Former Venezuelan Air Force Lieutenant Colonel Ruperto Sánchez, considered a political prisoner by several human rights organizations, was finally released on Thursday (17), after spending seven years in prison, accused of a military rebellion. The release was announced by the Venezuelan NGO Foro Penal, which for nearly 20 years has helped people who are arbitrarily detained by the Chavez dictatorship.
The release of the soldier, who also has Spanish nationality, should, according to the organization, to have occurred in July of last year, but it only materialized after pressure and accusations. When he was released, he was finally able to embrace his wife and daughter.
Stories like Sánchez’s, unfortunately, have become commonplace in Nicolás Maduro’s Venezuela. According to the NGO Foro Penal, there are currently 301 political prisoners in the country. However, since 2014, the dictatorship has arbitrarily detained 15,743 people for political reasons. Alfredo Romero, director of the NGO, explained to People’s Gazette that these arrests need to be constantly monitored and updated because of the “revolving door” effect of political prisons in the country.
release one, hold another
“The number of political prisoners in a week may be the same as the week before, but it’s different people who are being arrested and released,” said Romero. This coming and going is intended to intimidate the population, in addition to allowing the regime to always use political prisoners as “a bargaining chip” to bargain with the opposition and international actors.
“The arrests are always taking place, almost weekly, to maintain this fluidity of intimidation. But as some people are released, others are arrested. Last week, for example, Carlos Roja, who had been in prison for almost four years, was released, but other people were also arrested for different reasons”, he mentioned.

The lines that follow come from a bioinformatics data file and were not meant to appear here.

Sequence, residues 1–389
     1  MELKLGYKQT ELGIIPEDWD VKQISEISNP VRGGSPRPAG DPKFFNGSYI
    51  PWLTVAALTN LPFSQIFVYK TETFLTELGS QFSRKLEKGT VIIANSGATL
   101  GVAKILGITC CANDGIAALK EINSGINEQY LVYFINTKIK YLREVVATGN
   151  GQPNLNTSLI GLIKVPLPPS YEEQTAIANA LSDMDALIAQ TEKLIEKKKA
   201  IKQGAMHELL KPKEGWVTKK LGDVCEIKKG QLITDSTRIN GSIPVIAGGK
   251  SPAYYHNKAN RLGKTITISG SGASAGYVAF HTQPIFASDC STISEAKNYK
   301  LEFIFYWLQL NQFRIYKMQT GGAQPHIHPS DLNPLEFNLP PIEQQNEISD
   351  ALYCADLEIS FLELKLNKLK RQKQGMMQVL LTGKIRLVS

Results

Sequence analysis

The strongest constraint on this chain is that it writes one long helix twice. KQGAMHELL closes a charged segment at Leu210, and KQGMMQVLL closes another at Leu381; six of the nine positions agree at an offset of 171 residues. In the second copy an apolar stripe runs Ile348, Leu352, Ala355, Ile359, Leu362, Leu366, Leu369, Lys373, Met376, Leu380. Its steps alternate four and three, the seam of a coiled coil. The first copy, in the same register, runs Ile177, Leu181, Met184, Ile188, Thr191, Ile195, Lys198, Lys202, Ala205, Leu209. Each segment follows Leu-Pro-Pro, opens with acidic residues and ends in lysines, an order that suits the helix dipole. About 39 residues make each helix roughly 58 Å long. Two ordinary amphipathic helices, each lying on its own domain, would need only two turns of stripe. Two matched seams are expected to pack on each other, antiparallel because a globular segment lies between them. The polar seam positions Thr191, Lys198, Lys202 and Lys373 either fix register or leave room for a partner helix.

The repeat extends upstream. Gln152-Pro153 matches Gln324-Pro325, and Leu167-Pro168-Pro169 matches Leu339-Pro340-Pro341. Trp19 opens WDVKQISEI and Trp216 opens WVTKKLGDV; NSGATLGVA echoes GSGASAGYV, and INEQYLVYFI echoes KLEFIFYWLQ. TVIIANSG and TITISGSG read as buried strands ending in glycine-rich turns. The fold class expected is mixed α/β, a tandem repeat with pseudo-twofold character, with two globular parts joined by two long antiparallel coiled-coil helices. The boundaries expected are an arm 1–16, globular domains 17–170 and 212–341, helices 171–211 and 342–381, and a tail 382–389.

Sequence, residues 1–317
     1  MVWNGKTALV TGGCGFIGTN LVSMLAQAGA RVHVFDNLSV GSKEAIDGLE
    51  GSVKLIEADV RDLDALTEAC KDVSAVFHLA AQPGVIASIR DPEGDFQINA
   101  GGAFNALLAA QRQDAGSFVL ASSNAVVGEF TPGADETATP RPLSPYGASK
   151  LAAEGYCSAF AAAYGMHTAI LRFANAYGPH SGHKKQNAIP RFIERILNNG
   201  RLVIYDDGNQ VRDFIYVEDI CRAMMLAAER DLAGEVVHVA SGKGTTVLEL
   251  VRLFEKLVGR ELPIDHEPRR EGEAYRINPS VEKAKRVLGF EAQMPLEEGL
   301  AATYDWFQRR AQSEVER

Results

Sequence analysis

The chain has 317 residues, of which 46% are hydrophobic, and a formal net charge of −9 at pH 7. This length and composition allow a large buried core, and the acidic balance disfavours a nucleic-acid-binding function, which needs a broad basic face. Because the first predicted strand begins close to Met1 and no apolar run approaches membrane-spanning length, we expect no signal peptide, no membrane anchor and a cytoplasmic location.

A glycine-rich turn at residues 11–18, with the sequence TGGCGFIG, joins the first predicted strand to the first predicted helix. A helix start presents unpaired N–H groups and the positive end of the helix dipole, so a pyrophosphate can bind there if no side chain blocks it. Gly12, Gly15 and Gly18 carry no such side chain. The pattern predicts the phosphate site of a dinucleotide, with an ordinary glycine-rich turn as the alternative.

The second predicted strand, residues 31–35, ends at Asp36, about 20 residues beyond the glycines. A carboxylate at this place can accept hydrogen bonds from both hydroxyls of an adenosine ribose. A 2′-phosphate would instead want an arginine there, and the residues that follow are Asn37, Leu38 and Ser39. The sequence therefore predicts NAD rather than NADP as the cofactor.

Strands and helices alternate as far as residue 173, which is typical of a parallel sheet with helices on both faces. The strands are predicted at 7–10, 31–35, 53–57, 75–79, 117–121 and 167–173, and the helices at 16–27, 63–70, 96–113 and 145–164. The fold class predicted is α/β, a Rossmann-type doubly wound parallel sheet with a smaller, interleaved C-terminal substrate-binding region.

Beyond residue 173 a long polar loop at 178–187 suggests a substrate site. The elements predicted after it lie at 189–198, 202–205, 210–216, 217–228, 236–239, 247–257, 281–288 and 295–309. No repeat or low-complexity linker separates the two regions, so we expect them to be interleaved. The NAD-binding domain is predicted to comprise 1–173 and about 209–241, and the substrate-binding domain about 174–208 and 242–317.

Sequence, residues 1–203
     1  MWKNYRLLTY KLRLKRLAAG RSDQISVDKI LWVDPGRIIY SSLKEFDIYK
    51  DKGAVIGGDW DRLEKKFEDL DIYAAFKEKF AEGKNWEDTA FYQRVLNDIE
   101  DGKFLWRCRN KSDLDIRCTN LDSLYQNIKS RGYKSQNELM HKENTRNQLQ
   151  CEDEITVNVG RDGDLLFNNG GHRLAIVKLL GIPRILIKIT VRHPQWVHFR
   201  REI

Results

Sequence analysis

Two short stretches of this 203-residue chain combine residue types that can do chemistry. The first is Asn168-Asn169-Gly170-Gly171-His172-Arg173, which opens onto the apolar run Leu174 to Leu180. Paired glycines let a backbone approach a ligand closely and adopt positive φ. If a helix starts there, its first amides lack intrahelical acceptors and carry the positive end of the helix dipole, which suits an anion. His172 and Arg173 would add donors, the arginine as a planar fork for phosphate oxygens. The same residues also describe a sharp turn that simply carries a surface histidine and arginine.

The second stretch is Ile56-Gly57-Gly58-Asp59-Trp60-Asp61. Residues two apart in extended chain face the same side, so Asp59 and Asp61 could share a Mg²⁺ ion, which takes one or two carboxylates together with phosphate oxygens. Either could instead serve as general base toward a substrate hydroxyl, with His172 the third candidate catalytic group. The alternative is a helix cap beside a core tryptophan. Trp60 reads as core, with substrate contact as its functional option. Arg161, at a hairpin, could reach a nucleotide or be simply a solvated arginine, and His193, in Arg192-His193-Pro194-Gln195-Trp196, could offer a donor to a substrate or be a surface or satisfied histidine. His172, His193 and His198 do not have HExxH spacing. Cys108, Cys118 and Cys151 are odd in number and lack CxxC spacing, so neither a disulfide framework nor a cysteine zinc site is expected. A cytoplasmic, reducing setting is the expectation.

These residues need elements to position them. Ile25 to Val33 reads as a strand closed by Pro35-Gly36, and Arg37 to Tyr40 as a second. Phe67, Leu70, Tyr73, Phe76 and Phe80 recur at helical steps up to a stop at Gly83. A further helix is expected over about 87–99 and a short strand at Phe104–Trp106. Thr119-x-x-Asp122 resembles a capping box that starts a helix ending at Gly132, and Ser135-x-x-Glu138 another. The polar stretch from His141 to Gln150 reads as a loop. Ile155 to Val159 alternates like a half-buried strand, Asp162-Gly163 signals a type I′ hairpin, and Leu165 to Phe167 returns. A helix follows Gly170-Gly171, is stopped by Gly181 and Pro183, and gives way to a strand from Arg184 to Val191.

For Romero, part of the opposition also exploits the situation of political prisoners to gain advantages in the same game as Nicolás Maduro. Last year, for example, opponent Henrique Capriles announced the release of more than 100 political prisoners – which in fact were 50, according to Romero – after negotiating with the dictator before the parliamentary elections.
“Specific moments are used to show that they are releasing political prisoners and thus obtain some political benefits – whether from the government side, or from the opposition side. The government arrests people to use later as bargaining chips to ease international pressure, which would be the case today, or to ease national pressure. And on the opposition side, they sit down to negotiate [com o regime] and they include political prisoners who do not know and even make mistakes in the lists just to obtain political benefits and to be able to be those who sit down with the government in negotiations or dialogue processes”.
Who are the political prisoners in Venezuela